Sunday, April 30, 2023

Tunnels

 


I've "tunneled" through about half of Mitchell's book now and I'm not about to quit before I'm done. Of course, the subject is of deep interest to me because of my own experiences passing back and forth across the Berlin Wall in the 1970s. Mentions of Checkpoint Charlie, FriederichstraƟe, VoPos, all bring back vivid and even life-changing moments for me, but I also appreciate the details Mitchell brings to light here surrounding how Easterners attempted and, in some cases, actually succeeded in escaping the GDR. Very much worth your reading, especially considering Vladimir Putin's attempt to drag us all into the past.

Saturday, April 29, 2023

Friday, April 28, 2023

The Pox and the Covenant


Interesting conclusion to Williams' book: "The inoculation controversy shows us that we cannot blithely continue to make the simplistic and wrong assumption that religion has been an impediment to the progress of modern science and reason throughout the centuries. Moreover, the idea of a conflict between science and religion is a product of the dogmatic and shrill voices on both sides that demonize their opponents and garner media attention. Unexpectedly, an episode from Puritan Massachusetts helps us to debunk those who would pit science against religion."

Thursday, April 27, 2023

Wednesday, April 26, 2023

Tuesday, April 25, 2023

Climbing Rose?

 


I'm not sure what this is. A climbing rose, maybe?

Monday, April 24, 2023

Fringe Tree

 


A couple of different looks at the Fringe Tree captured just at peak bloom.

Sunday, April 23, 2023

Peony

As for me, one of the truest first signs of spring has to be when peonies begin to bloom. The one shown above was absolutely the first to shine in a whole garden devoted to them. I'm actually not sure I ever paid much attention to them, however, until I moved next door to a couple who grew them on a plot right next to my house so that I was able to watch them bloom all spring long as I hopped into my car each morning to go to work.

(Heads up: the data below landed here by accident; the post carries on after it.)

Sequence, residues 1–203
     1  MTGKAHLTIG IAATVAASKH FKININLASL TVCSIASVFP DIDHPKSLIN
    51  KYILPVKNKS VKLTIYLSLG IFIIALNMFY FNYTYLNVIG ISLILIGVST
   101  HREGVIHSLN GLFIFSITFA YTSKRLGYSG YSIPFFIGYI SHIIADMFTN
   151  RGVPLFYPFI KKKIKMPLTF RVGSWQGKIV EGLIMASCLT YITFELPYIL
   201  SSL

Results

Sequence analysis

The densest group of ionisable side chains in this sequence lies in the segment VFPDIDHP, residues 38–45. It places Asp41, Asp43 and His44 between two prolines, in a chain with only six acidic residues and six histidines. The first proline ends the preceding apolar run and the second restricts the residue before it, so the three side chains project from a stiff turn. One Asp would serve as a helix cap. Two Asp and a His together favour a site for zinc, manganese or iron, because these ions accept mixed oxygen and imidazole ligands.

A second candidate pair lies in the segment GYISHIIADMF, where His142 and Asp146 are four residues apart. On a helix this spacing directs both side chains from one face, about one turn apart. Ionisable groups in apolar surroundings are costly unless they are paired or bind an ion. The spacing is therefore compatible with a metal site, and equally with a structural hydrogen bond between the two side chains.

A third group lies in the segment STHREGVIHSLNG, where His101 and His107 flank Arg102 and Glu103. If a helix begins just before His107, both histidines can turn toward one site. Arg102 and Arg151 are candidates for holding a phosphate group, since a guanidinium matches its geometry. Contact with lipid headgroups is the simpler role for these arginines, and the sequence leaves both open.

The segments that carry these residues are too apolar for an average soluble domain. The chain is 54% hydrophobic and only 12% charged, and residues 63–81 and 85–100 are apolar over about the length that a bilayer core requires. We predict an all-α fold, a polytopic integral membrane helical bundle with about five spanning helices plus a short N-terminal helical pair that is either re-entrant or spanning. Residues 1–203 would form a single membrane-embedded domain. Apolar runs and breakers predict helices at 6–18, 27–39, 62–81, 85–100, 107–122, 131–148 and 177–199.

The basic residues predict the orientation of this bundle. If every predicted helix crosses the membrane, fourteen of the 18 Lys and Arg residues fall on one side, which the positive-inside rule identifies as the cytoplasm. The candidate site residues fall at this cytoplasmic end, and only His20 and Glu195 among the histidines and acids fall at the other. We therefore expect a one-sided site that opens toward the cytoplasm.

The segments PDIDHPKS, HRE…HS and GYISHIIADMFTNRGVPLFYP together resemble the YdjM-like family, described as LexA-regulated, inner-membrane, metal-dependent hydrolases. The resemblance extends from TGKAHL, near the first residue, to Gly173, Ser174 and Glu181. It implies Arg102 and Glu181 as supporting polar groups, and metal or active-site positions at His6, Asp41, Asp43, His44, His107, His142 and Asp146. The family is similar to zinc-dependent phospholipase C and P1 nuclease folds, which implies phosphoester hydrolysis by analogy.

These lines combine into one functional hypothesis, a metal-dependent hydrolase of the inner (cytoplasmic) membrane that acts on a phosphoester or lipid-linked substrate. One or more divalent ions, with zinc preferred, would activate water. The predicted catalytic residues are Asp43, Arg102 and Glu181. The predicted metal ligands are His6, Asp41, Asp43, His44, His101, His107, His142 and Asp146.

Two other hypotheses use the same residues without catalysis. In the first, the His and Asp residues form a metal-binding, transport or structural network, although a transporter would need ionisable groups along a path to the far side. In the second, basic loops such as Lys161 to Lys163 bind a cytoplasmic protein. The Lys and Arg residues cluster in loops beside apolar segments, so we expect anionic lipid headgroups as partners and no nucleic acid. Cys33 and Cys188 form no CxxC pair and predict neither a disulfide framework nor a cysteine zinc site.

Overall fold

Saturday, April 22, 2023

Friday, April 21, 2023

Live Oak


"The name live oak comes from the fact that evergreen oaks remain green and 'live' throughout winter, when other oaks are dormant and leafless. The name is used mainly in North America, where evergreen oaks are widespread in warmer areas along the Atlantic coast from southeast Virginia to Florida, west along the Gulf Coast to Louisiana and Mexico, and across the southwest to California." -- Wikipedia

Thursday, April 20, 2023

Wednesday, April 19, 2023

Smoketree

 


I'm keeping an eye out for the "smoke." :-) The flowers, it's said, are clustered in a large open terminal panicles with a fluffy grayish-buff appearance resembling a cloud of smoke over the plant, from which the name derives.

Tuesday, April 18, 2023

Recital

 


It can be tricky shooting photographs in a theater. I'm still thinking about what I could have done under the circumstances to account for the lights on stage as compared to the darkness in the auditorium. Not wanting to interfere with the recital, I only photographed the musicians as they made their entrances rather than during the recital itself, resulting in some blurring of the images. On the other hand, I sort of like the way that helps capture some of the energy that was in the room.

Monday, April 17, 2023

Sunday, April 16, 2023

CNU

 


Yesterday found me on my way over to the Peebles Theater on the Christopher Newport University's (CNU)  Newport News campus to attend the senior recital of a very talented friend.

Saturday, April 15, 2023

The Year That Broke America